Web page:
• MCA leaders estimate industry will grow 13% in 2022, highlighting the crucial role that firms play in supporting tens of thousands of clients across the UK in difficult and transformational times, according to latest independent survey
  • Six-fold increase in growth in 2021 up from 2.5% in 2020 to 16% in 2021 due to work with new private sector clients, pent up demand and urgent digital transformation required because of the pandemic
  • Solving sustainability challenges for clients and improving environmental impact of businesses expected to grow significantly this year and exports increase significantly
  • No “great resignation” in consulting and over half of consultants (57%) believe work/life balance has improved since March 2020 with more remote working as sector continues to support tens of thousands of young consultants with new jobs

Double digit growth is expected for management consulting industry in 2022 as clients turn to the sector to help with post pandemic recovery and digital challenges, according to the latest survey of consultants from the Management Consultancies Association (MCA). The Member Survey 2022 reveals that growth of 13% is forecast with digital technology continuing to be the largest service line delivered by the sector (92% think it will increase in 2022). The research was independently conducted by Savanta and estimates that double the number of consultants believe clients are turning to them to solve sustainability challenges like restructuring supply chains and responding to new green regulations and changing consumer demand. Large, medium and small firms all participated in the research with data submitted by leaders as well as young consultants.

Growth in 2021 far exceeded expectations of those working in the sector up 16%, a six-fold increase from the rate of 2.5% in the previous year. Contributory factors include an increased number of clients, pent up demand from existing clients and urgent digital transformation as well as increased demand to make supply chains more resilient and more exports of services overseas.

Tamzen Isacsson, Chief Executive of the Management Consultancies Association (MCA), said:

Thousands of British and global clients have turned to the UK’s leading consultancy sector to transform their businesses digitally and pull through from the pandemic, using trusted advisors to accelerate growth plans and provide greater resilience to supply chain operations. Consulting sector growth has been driven by work in the private sector with an uplift in exports overseas and this is forecast to continue at a high rate for the rest of this year.” 

Despite this optimism, there are a number of issues facing the sector with 67% citing the requirement for flexible/remote working as the most significant challenge as clients shift their requirements with less work on site. Due to this rapid growth the recruitment of new top talent is also a key test for firms and the retention of existing staff with the right expertise remains a priority for firms of all sizes. However, contrary to the fear of a ‘great resignation’, the majority of respondents (82%) were not seeking a new role either in consulting or a different industry, an increase from 77% last year.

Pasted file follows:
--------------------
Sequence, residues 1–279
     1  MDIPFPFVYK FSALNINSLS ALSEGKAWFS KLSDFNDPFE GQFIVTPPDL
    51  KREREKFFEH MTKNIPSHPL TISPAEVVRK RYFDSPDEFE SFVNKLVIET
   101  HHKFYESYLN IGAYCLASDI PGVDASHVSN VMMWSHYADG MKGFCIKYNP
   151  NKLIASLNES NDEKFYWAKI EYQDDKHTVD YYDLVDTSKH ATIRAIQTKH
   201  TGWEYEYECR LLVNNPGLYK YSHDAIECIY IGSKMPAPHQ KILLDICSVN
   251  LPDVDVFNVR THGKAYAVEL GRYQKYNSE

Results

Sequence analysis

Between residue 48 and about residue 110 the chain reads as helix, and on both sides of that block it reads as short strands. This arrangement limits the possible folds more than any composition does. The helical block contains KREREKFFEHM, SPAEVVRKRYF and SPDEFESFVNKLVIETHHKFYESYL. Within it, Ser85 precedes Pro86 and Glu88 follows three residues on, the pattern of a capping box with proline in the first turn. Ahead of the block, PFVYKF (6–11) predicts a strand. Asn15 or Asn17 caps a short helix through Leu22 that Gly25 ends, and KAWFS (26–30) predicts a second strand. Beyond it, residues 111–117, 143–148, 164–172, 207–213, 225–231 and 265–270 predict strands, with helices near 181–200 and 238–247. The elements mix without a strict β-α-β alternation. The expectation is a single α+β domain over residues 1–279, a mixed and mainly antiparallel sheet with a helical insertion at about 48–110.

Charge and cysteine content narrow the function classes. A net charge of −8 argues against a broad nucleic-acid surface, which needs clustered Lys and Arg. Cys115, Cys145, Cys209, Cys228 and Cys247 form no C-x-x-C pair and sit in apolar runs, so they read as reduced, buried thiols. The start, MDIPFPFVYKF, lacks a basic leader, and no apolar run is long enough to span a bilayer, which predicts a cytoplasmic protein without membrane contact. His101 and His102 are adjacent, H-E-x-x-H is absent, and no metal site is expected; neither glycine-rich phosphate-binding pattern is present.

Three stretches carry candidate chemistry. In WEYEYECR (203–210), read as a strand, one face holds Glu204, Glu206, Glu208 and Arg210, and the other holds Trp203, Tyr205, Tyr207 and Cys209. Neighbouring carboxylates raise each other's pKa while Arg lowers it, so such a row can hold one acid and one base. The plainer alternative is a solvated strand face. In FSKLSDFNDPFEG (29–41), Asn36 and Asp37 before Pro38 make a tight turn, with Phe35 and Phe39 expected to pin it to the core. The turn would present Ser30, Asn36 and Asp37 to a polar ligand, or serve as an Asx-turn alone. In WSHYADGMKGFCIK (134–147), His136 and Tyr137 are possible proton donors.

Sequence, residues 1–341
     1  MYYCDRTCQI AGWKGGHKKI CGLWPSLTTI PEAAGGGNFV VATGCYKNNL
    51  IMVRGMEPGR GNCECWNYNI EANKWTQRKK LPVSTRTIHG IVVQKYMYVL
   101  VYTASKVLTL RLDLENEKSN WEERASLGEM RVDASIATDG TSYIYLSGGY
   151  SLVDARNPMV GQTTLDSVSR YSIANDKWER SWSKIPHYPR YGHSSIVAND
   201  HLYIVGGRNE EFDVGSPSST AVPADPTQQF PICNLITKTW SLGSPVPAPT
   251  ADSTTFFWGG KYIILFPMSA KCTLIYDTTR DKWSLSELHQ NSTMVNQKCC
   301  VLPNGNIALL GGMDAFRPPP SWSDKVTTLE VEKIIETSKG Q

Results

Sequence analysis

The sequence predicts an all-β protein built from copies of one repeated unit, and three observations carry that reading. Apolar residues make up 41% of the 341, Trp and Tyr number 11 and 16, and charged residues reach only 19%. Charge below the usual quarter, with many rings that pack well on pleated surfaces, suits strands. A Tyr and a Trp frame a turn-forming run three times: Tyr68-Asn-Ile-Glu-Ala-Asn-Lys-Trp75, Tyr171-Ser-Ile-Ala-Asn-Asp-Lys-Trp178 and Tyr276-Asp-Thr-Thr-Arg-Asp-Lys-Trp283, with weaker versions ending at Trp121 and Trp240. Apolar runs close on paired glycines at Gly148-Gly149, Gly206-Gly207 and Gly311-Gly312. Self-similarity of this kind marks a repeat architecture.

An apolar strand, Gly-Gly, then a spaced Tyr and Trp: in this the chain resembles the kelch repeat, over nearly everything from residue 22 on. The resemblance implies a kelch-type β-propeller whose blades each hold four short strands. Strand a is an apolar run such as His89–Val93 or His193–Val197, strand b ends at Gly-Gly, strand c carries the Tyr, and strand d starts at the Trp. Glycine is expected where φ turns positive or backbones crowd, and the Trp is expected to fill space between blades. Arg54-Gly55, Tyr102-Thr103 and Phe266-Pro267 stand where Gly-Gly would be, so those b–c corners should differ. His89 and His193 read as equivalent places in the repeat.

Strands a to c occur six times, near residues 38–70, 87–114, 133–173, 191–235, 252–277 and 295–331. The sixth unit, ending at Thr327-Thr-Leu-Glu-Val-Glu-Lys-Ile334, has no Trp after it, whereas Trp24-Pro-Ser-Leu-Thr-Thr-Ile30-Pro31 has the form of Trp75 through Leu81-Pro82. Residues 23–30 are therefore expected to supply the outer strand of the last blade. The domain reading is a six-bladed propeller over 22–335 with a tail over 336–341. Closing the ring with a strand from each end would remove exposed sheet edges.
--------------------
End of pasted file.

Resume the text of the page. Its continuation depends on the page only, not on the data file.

Overall, 71% of consultants felt their current work/life balance is better or unchanged compared to pre-pandemic. Training and development continues to be a high priority for consultants of all levels and many firms have had to invest in digital training during recent months. Half of consultants felt that they received at least as much training as before Covid-19 (59%) but 27% believed that they had not as much training or that the quality had dropped, an improvement on the figure reported last year.  

Tamzen Isacsson, Chief Executive of the Management Consultancies Association (MCA), said: 

Thanks to high job satisfaction and the challenge of working with new and varied clients there is no “great resignation” in the consulting sector and the majority of consultants believe their work life balance has improved with less commuting and more remote work. As client demand continues to drive double digit growth the industry remains an attractive career option for the brightest talent in our country, but firms must ensure that training and development continues to be world class and that the generation that joined in the pandemic is able to benefit from learning in both digital and face to face settings. Young Consultants continue to see world class training as a key feature of a career in consulting and see the professionalisation of the industry as important in the future and the new Chartered Management Consultant Award will assist firms in this endeavour. 

Data from young consultants with 0-5 years’ experience also show that the consulting industry continues to be more accessible to young talent from a diverse range of backgrounds and in the last decade the proportion of young consultants who attended a Russell Group university has fallen from 73% to 36% with firms looking for bright new entrants from more diverse talent pools.  

Oliver Worsfold, Director at Savanta, added: 

“Given the ongoing difficult market conditions and uncertainty facing UK PLC, it is positive to see the consulting industry showing both strong growth figures for 2021 and optimism for the year ahead. This shows the sector’s fundamental role in supporting clients through difficult times. Whilst we as a country emerge from the pandemic, clients continue to require consultancy support to navigate its impact and a variety of other challenges including supply chain disruption, demands for them become more sustainable and the need to improve diversity” 

Independent market research agency Savanta partnered with the MCA to collect and analyse member data for the 2022 report. Further information can be found at